Television history is littered with the bodies of ill-advised spin-offs. Their corpses, copies of reviews and overnights crumpled in their clawed little hands, defile the memories of the successful shows that spawned them and serve as cautionary tales for every writer tempted to go to the same well twice. However, every once in a while, …
One of the best decisions Scandal is making this season is allowing the deaths of Harrison, Jerry, and James to hang heavy over the characters. Rather than quickly moving past everyone’s grief, as fast-paced shows have a tendency to do, season four is keeping the dead present in almost every scene. As a result, this season is much darker than past seasons, and Scandal is already better for it.
Apparently, all Olivia Pope (and Scandal) needed was a vacation to return to form. Gone is weak and defenseless Olivia, who was last seen running away from D.C., and her problems, at the end of season 3. In her place is the Olivia Pope the audience came to love during the show’s stellar first two seasons–she’s back fighting for injustice among women and turning down her own happiness (and island escape) to help a helpless intern.
(Note: I only considered nominees for the categories to which they were actually submitted. For example, I could not select Alan Cumming for The Good Wife, since he did not submit himself as a Best Supporting Actor in a Drama.) Best Drama Series: The Killing After it controversially failed to resolve its storyline in its …
Though this season’s had some pretty wild ups (everything involving Rowan Pope) and downs (the Quinn, Huck, and Charlie love triangle), “The Price of Free and Fair Elections” closes season three on a relatively high note–literally, as Olivia Pope, who hasn’t been wholly herself in quite a while, finally takes up her father’s season opening offer and jets out of the city with Jake.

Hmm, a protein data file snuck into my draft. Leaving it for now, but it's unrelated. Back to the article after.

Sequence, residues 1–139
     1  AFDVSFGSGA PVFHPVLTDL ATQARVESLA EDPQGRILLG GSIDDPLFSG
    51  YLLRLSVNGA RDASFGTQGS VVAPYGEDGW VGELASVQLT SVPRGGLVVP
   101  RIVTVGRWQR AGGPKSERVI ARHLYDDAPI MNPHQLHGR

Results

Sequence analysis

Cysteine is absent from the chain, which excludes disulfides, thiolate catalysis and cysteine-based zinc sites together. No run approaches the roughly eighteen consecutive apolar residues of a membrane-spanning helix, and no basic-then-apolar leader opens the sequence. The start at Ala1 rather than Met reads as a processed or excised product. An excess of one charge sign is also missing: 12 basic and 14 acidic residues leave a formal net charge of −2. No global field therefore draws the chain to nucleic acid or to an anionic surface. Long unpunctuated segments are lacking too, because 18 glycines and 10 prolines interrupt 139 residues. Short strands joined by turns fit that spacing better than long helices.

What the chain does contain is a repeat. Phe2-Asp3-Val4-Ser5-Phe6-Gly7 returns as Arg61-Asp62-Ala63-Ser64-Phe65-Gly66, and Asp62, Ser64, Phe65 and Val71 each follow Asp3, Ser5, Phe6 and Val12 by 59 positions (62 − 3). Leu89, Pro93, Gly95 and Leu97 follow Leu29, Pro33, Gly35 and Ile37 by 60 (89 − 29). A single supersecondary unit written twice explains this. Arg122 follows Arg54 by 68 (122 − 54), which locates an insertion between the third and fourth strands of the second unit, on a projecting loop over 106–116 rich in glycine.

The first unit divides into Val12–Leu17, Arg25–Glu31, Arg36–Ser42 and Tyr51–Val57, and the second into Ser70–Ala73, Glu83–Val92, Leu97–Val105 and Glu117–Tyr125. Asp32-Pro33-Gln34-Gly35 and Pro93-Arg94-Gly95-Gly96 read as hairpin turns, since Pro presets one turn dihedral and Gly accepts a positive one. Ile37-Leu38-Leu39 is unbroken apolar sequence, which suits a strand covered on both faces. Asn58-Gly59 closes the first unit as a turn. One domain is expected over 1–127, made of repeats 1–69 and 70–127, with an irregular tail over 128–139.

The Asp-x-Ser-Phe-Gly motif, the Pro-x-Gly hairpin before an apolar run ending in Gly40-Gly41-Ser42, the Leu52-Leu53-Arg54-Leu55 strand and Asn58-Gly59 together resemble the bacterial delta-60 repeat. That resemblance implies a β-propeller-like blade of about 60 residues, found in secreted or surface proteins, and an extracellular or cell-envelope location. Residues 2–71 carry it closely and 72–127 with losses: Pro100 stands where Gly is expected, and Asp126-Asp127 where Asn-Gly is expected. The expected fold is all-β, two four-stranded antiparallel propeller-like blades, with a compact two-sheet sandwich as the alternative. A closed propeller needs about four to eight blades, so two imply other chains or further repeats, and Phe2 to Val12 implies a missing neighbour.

Remember when Pope and Associates used to handle actual cases that weren’t necessarily relevant to their personal lives? Each week a new crisis came to Olivia’s doorstep, and the team pulled together to handle it–sadly, that team spirit’s been missing for most of this season.
Let’s be honest here, Scandal’s never delivered a bad finale, midseason or otherwise. The show’s regular episodes generally pack the number of shocking storylines others save for their finales, so it’s always exciting to see what Scandal whips out for finale season.
On this week’s Scandal, Olivia picks up a new client, Mellie makes a startling request, Fitz faces off with Papa Pope, and Jake teams up with Huck to uncover secrets from Fitz’s past.
Scandal, Ep. 3.04, “Say Hello to My Little Friend” continues arc with flair, underwhelms procedurally
Scandal may be three years into its run, but viewers are finally starting to catch on and it’s easy to see why. After picking up speed in season two, the episodes this year have kicked into high gear, exploring Olivia in greater detail and depth thanks to the revelation of her complicated, to say the very least, relationship with her father. There’s plenty more going on, but it’s this arc in particular that has elevated the season so far and it’s no surprise that this holds true again in “Say Hello to My Little Friend”.
Scandal, Season 3, Episode 3, “Mrs. Smith Goes to Washington” Written by Matt Byrne Directed by Jeannot Szwarc Airs Thursdays at 10pm ET on ABC On this week’s Scandal, Olivia faces down the mother of a deceased terrorist, Fitz and Mellie fight, Huck seeks revenge, and Jake recuperates. At this rate, Scandal will burn through all of …
On this week’s Scandal premiere, Olivia’s father reveals himself to be the worst human monster (“I am the Hell AND the high water.”) on a show filled with moral ambiguity, Olivia pulls the proverbial fire alarm to plot with Fitz and Mellie, and Pope and Associates (minus the “Pope”) sacrifice one woman’s career to save their faltering leader.